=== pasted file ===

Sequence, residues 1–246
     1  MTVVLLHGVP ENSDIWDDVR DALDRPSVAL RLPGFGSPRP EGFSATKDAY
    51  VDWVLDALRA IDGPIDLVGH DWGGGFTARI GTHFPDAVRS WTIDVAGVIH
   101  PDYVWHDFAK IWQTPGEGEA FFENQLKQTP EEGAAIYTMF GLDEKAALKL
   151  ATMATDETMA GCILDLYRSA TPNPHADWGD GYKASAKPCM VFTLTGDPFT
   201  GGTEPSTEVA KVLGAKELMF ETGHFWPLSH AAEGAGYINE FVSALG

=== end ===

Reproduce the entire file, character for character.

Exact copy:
Sequence, residues 1–246
     1  MTVVLLHGVP ENSDIWDDVR DALDRPSVAL RLPGFGSPRP EGFSATKDAY
    51  VDWVLDALRA IDGPIDLVGH DWGGGFTARI GTHFPDAVRS WTIDVAGVIH
   101  PDYVWHDFAK IWQTPGEGEA FFENQLKQTP EEGAAIYTMF GLDEKAALKL
   151  ATMATDETMA GCILDLYRSA TPNPHADWGD GYKASAKPCM VFTLTGDPFT
   201  GGTEPSTEVA KVLGAKELMF ETGHFWPLSH AAEGAGYINE FVSALG